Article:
The EU has policies on this, it has a strategy on the environmental dimension, it signed up to the Paris Agreement, but from where we’re sitting as Greens, we think the EU is losing traction on this, it’s even at risk of losing commitment. When you see countries such as China and India now beginning to be much more ambitious on their policies on climate change, I think the EU has to make a choice, and the president of the European Parliament has the opportunity to make sure that is put on the table – to remind the Commission and the Council what they signed up to and to make it clear to the rest of the world that this is still something which really matters to elected politicians.
You’re running as a woman, obviously, and have a campaign poster with pictures of the only two or three other female presidents of the Parliament…
Two, since it’s been democratically elected…
I totally understand the argument that it’s more than overdue to have a female president, more than one in fact, but the same logic would say ‘let’s have Marine Le Pen as French president, because she’s a woman’. It can’t just be ‘because she’s a woman’?
No. It can’t just be ‘because it’s a woman’. It’s not a question of ‘any’ woman to fill the role. But it is a question that, given the EU has a commitment to gender balance, the Parliament has voted on numerous occasions to say we want to see a better representation of women within the institutions at the highest level, we take the Commission to task on this and at times voted against proposals for the court of auditors because once again we’ve been presented with male candidates and no women.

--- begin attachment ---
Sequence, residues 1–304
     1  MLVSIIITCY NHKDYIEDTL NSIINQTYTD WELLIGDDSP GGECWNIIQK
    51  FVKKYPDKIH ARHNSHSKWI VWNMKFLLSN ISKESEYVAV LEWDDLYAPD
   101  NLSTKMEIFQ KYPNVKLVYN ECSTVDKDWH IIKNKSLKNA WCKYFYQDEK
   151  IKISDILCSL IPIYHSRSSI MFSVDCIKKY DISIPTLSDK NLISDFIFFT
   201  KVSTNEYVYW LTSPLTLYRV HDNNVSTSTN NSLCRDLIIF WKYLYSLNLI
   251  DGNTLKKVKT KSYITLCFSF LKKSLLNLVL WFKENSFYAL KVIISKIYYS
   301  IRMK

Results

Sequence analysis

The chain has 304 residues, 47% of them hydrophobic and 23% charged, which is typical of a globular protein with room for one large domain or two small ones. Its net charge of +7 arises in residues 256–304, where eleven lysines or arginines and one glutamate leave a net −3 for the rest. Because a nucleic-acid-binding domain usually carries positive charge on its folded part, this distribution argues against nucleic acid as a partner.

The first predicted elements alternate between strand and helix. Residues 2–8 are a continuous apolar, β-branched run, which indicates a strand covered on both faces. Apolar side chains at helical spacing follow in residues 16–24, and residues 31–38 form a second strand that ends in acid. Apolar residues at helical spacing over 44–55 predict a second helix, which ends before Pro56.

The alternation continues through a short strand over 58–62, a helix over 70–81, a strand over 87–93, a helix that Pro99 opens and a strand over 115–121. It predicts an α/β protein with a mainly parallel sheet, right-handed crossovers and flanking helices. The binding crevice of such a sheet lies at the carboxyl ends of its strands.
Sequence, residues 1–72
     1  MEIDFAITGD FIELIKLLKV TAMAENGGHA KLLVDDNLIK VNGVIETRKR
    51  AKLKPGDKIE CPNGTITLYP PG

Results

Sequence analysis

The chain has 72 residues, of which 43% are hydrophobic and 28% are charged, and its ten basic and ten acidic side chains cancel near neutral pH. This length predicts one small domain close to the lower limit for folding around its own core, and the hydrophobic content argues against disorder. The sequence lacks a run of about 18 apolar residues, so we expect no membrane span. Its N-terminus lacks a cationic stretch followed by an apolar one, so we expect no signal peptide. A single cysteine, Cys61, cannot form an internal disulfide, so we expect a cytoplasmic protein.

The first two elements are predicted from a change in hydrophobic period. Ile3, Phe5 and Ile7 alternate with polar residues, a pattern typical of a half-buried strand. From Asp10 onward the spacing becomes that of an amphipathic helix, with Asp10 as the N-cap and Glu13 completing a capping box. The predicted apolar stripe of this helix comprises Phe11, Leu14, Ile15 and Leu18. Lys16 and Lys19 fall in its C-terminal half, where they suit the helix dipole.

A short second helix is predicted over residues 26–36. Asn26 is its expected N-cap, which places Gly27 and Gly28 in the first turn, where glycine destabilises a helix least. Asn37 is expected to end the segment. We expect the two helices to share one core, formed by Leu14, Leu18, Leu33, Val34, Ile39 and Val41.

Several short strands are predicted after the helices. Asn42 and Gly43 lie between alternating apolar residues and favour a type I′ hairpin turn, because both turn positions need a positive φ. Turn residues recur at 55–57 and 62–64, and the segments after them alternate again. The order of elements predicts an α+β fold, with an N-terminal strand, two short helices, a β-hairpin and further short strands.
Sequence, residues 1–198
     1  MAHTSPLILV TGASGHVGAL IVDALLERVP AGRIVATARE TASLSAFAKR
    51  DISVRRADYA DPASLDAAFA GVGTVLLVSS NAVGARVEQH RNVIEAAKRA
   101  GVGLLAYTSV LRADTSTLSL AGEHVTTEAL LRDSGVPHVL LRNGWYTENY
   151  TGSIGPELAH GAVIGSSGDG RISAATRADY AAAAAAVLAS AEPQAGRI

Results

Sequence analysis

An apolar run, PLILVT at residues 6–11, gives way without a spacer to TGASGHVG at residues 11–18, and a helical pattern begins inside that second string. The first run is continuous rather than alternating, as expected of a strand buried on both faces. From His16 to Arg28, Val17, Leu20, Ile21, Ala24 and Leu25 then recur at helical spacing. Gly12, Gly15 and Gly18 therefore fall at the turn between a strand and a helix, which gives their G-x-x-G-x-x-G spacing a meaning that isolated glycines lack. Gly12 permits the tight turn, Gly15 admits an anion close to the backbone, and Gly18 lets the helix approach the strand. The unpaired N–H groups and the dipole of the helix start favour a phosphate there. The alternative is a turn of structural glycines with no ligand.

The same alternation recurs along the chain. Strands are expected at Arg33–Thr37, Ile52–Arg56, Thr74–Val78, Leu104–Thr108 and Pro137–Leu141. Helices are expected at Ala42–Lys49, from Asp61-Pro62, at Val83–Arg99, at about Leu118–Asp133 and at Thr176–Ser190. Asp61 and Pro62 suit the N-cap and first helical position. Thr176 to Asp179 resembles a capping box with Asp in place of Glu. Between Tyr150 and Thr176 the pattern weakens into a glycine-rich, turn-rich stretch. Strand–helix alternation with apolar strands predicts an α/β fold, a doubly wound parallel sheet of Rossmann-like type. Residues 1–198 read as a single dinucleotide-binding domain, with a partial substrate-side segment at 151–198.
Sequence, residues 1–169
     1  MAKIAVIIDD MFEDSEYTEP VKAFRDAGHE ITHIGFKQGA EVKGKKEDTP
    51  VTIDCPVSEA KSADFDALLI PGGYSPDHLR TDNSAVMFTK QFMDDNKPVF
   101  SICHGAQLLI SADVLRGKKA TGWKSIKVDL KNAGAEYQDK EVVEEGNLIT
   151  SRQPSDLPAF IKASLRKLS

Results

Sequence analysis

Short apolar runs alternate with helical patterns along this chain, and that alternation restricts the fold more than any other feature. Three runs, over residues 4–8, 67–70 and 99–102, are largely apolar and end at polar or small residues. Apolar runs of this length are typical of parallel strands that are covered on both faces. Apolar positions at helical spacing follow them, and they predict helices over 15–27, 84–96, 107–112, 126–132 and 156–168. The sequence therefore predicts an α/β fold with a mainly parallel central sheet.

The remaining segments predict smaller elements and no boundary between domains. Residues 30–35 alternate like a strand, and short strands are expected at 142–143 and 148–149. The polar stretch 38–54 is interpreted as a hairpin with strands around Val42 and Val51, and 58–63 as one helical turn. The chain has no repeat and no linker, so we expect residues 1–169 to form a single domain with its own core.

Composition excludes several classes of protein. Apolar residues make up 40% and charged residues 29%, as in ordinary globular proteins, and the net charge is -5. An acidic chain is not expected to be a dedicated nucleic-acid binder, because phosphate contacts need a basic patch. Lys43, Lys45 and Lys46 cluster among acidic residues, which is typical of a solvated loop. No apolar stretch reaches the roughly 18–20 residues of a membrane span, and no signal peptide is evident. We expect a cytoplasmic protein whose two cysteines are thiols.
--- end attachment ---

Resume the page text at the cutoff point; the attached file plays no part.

Therefore I think it’s a shame the bigger political groups didn’t take this on board. If they’re presenting a candidate, they need to have a very good reason at this point if their candidate is not a woman, if they are serious about redressing that balance.
We’re not saying it always has to be a woman, and it’s not the only quality we [women] bring – obviously. It’s a whole set of things in terms of other qualities, experience, even whether people see you as being credible in the role, that matters.
But at this point I think we can use more affirmative policies and say, all other things being equal, it should be a woman.